Aldrich Park Site Case _ Judge Lost Counter Suit Filing

From Mackie Finnerty, member of Coalition for a Worklink Center:

On July 11, Judge Skinner held a hearing on the Aldrich Park site in New York State Court, Riverhead.

Members of the Coalition for a Worklink Center were there along with a court room full of Minutemen and other similar groups. The surprise of the day was that Judicial Watch, a very conservative group of lawyers, has come in on the side of the Minutemen. They had 2-3 lawyers there and asked to file an Amicus brief which they had already sent to the court but served on no other parties. The judge allowed them to enter it.

The judge said he had not received any of our papers, even though we had filed them and had a return signed by the judge saying he had received them. However he allowed our counsel to argue anyway. Our lawyers gave him another set.

The plaintiffs (neighbors Berkowski) argued that the field had been a beautiful place full of butterflies and women strolling children until (Mayor) Epley put up fences, trees and driveways, ruining the whole place and alienating it as a park in violation of the CPF rules for open space.

The Village countered with a true picture of what the field was and that it was next to Route 39 and a 7-11 and had been a farm field with pesticides and a butterfly had not been seen for years. He argued that Epley had not done anything not in keeping with a park and that the men had and could stand there. The land was purchased with CPF funds and that the Village had contributed huge amounts of taxes toward that end. Ultimately, the Town entered an agreement giving the Village the right to manage the land.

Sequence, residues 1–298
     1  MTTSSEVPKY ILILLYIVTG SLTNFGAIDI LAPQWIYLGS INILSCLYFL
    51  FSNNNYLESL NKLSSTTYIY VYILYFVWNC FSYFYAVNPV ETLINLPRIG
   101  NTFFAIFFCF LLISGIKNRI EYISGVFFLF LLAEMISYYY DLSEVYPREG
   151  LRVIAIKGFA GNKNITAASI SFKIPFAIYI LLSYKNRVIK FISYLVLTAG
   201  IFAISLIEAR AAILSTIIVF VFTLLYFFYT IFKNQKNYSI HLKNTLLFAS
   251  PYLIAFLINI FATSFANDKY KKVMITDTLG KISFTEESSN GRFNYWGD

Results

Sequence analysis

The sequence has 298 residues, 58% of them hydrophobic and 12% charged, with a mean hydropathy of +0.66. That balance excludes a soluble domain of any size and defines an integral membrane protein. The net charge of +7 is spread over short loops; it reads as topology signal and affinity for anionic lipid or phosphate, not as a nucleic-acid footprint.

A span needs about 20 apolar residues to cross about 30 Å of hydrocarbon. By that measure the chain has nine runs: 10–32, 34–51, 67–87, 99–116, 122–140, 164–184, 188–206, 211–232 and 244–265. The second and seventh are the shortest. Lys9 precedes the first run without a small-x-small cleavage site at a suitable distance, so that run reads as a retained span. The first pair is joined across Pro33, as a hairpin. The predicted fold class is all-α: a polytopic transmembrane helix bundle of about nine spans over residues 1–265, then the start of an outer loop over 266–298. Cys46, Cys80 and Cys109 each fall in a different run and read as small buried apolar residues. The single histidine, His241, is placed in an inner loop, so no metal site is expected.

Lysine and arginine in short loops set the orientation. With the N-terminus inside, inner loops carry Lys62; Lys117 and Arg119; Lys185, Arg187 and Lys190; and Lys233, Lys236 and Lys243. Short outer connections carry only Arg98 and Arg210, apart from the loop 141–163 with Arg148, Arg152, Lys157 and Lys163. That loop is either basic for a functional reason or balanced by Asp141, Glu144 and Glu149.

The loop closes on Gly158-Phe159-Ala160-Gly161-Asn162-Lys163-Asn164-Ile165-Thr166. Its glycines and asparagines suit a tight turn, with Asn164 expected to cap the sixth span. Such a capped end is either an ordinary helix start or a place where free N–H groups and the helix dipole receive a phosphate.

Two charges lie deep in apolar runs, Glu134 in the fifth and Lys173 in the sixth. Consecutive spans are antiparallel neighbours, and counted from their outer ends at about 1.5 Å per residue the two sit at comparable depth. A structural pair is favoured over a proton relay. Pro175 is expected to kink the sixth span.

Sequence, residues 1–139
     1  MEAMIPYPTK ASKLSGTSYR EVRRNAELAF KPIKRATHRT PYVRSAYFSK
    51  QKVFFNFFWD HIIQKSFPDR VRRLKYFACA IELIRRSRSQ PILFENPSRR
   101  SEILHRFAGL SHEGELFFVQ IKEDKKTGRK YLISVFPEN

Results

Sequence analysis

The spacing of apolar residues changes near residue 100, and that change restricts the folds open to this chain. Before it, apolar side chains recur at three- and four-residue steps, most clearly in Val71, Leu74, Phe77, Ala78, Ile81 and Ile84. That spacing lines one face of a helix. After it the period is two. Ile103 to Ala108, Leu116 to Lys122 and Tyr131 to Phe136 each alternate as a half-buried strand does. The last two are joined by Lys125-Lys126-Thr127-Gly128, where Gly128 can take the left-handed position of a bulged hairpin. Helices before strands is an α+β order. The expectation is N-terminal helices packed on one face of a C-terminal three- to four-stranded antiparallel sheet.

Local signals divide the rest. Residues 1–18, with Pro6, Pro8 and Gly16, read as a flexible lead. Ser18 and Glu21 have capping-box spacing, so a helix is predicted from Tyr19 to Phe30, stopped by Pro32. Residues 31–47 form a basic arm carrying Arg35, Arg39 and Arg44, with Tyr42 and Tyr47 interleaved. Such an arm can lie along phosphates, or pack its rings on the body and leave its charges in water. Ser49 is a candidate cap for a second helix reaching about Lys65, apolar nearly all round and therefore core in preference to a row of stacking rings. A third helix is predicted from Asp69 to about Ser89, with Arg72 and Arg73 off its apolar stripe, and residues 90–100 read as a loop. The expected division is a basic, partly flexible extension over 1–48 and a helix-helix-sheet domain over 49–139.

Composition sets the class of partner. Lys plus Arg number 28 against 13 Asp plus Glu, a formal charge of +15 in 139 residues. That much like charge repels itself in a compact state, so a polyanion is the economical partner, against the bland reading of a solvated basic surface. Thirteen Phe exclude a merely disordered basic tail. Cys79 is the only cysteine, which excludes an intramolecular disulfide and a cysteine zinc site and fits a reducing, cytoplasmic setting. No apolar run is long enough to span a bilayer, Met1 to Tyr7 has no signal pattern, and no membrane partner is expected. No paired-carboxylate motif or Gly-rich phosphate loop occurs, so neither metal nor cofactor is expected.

The Town attorney said they agreed with the Plaintiffs and wanted the injunction kept on and the trees and driveway removed immediately. The Judge denied the removal at this time.

Both the Plaintiffs and the Town argued strenuously against us the Coalition intervening, saying there was no First Amendment issue involved and that our issues were not the same as the Villages and that we would not be bound by the ruling. They said that they only wanted to stop the Village from making a formal hiring hall, putting up Port-a-potties, structures, trees and driveways.

Our attorney (from the Puerto Rican Legal Defense Fund) gave a strong pitch for our First Amendment rights and explained why it was necessary to have the workers appear as John Does. She gave examples of ways that the Minutemen and others had intimidated the men.

The Judge said he is threatened and harassed constantly and that he was not likely to allow John Doe defendants. He appeared to be lacking in knowledge about John Doe parties.
The judge gave 15 days for all attorneys to respond to all the recently filed papers. He said he would rule as quickly there afterward as possible.

Some of the courts conduct was extremely shocking to me. Judge Skinner allowed all the hate groups to clap loudly whenever they liked a point made by plaintiffs or the town or Judicial Watch.

At the end of their arguments, he would say what a good job the attorneys had done. He was very obviously loving them. When any attorney on our side spoke, he said nothing and of course the three of us didn't clap because it is never allowed in court and is totally inappropriate.

Even more distressing, SOS* president Herb McKay was jumping up from the audience and making objections and the Judge allowed it and discussed matters with him. No one in the audience is allowed to do that ever and no non-attorney can speak in court unless it is a pro se party.

One did not have a good feeling. In spite of that, when we all discussed it later, we agreed that the judge was intelligent and would have an almost impossible time writing the decision the way the plaintiffs and Town want it without running afoul of the Constitution. In the end he has to write something that will hold up on appeal. Any ruling on CPF land would have a strong effect on all the 5 eastern towns. We don't expect any decision until August or Sept.

* Save Our Southampton, a group headed by Montauk resident McKay